> > static char allocbuf[ALLOCSIZE];
    > > static char *allocp = allocbuf;
    > >
    > > But *allocp has not been set to point at anything yet so how is it

    possible
    > > to make the contents of an unknown address be "allocbuf"??

    >
    > Your second line has an initialiser for allocp. It is saying that allocp
    > is a static variable of type char * and its initial value is (a
    > pointer to the first element of) allocbuf. The initialisation is broadly
    > equivalent to the assignment (executed sometime before the program

    starts):
    >
    > allocp = allocbuf;
    >
    > it is NOT equivalent to
    >
    > *allocp = allocbuf;



    In the book they say that:

    static char *allocp = allocbuf;

    is equivalent with:

    static char *allocp = &allocbuf[0];



    with I assume is also equivalent with:

    static char allocp = allocbuf;
    JS, Mar 16, 2005
    #9
  10. JS

    Ben Pfaff Guest

    "JS" <> writes:

    > In the book they say that:
    >
    > static char *allocp = allocbuf;
    >
    > is equivalent with:
    >
    > static char *allocp = &allocbuf[0];


    Yes. If allocbuf is an array of char or a pointer to char, both
    are valid and equivalent.

    > with I assume is also equivalent with:
    >
    > static char allocp = allocbuf;


    No. Given the same assumption, this code requires a diagnostic
    because it implicitly converts from a pointer type to a character
    type.
    --
    "In My Egotistical Opinion, most people's C programs should be indented six
    feet downward and covered with dirt." -- Blair P. Houghton
    Ben Pfaff, Mar 16, 2005
    #10
  11. "JS" <> writes:
    > "Lawrence Kirby" <> skrev i en meddelelse
    > news:p...
    >> On Wed, 16 Mar 2005 15:52:23 +0100, JS wrote:
    >>
    >> > In K&R I have found this:
    >> >
    >> > static char allocbuf[ALLOCSIZE];
    >> > static char *allocp = allocbuf;

    [snip]
    >> allocp = allocbuf;
    >>
    >> it is NOT equivalent to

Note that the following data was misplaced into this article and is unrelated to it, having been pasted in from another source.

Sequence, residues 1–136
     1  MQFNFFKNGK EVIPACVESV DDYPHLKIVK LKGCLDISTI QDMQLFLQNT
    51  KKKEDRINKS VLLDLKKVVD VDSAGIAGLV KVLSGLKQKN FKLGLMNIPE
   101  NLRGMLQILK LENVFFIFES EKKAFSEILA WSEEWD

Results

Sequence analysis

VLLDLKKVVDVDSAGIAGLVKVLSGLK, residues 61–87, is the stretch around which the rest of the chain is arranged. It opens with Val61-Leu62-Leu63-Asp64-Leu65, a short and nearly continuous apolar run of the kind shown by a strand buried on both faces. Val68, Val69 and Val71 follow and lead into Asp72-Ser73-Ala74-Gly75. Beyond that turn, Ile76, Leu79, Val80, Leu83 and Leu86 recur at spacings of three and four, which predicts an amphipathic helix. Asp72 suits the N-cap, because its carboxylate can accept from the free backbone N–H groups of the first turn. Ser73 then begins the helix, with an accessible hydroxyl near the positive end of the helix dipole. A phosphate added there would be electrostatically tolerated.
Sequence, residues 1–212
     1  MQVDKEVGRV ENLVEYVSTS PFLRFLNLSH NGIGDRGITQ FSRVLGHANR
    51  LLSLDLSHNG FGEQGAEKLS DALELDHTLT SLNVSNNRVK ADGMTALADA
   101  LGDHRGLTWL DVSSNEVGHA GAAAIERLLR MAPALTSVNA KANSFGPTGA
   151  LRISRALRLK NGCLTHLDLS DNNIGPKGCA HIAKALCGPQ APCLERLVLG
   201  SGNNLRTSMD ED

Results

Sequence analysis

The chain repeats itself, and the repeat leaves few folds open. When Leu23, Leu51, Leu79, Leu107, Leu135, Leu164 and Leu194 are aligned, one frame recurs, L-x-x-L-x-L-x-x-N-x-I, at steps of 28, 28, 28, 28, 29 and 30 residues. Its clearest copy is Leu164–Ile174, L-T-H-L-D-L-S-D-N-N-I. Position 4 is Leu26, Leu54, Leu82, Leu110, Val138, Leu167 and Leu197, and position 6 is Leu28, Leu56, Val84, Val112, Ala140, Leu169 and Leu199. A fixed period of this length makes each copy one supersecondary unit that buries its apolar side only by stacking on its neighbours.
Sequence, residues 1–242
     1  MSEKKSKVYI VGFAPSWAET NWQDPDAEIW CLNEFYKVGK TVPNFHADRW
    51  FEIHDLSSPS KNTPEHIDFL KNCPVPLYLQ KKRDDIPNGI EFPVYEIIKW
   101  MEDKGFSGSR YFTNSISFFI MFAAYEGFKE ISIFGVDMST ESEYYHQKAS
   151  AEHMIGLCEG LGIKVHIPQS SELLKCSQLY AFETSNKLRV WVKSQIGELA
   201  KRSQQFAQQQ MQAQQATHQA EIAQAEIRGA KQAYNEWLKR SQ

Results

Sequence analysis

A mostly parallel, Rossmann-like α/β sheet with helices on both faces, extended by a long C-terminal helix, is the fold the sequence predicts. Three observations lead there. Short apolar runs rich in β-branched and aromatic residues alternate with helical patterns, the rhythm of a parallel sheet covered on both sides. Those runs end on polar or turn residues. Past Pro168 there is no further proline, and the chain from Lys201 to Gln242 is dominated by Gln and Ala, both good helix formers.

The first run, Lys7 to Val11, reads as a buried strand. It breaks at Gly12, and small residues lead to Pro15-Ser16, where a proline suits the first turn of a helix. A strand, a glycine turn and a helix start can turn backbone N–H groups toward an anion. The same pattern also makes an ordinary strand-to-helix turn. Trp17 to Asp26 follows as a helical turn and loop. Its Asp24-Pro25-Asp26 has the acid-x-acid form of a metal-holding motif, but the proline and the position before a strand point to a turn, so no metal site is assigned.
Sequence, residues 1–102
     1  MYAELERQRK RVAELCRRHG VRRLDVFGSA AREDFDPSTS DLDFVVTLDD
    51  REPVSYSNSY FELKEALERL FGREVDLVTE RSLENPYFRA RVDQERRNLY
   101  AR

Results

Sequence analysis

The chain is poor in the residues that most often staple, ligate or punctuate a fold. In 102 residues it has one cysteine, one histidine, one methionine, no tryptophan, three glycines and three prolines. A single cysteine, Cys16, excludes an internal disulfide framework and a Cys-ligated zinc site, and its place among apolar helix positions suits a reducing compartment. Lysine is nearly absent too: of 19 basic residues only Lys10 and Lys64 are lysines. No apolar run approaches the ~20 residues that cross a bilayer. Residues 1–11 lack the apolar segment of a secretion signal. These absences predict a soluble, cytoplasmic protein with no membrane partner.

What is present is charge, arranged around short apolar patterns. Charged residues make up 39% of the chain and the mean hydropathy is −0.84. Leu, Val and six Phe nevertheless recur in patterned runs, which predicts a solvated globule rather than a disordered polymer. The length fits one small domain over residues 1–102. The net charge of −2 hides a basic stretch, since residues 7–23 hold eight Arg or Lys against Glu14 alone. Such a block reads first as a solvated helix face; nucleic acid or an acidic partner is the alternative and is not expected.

>>
    >> *allocp = allocbuf;

    >
    >
    > In the book they say that:
    >
    > static char *allocp = allocbuf;
    >
    > is equivalent with:
    >
    > static char *allocp = &allocbuf[0];


    Yes.

    > with I assume is also equivalent with:
    >
    > static char allocp = allocbuf;


    No, that's not equivalent at all. The first two declarations declare
    allocp as a variable of type pointer-to-char. The last declares is as
    a variable of type char, a completely different type.

    The C FAQ is at <http://www.eskimo.com/~scs/C-faq/faq.html>.
    I recommend section 6, which discusses arrays and pointers. (Actually
    I recommend the whole thing, but section 6 is most relevant to what
    you're asking about.)

    --
    Keith Thompson (The_Other_Keith) <http://www.ghoti.net/~kst>
    San Diego Supercomputer Center <*> <http://users.sdsc.edu/~kst>
    We must do something. This is something. Therefore, we must do this.
    Keith Thompson, Mar 16, 2005
    #11
  12. JS

    Flash Gordon Guest

    JS wrote:

    <snip>

    > In the book they say that:
    >
    > static char *allocp = allocbuf;
    >
    > is equivalent with:
    >
    > static char *allocp = &allocbuf[0];


    Yes. That is because the name of an array degenerates to a pointer to
    it's first element and, obviously, the address of the first element is a
    pointer to the first element.

    > with I assume is also equivalent with:
    >
    > static char allocp = allocbuf;


    Why would you assume that? "char *allocp" is a pointer to char, "char
    allocp" is a char. Whether you initialise it at the same time has
    nothing to do with it. So

    static char allocp = allocbuf;

    Is an error when allocbuf is an array.

    I suggest you reread more carefully what your book says about declaring
    variables and pointer and then reread what it says about initialisers.
    --
    Flash Gordon
    Living in interesting times.
    Although my email address says spam, it is real and I read it.
    Flash Gordon, Mar 16, 2005
    #12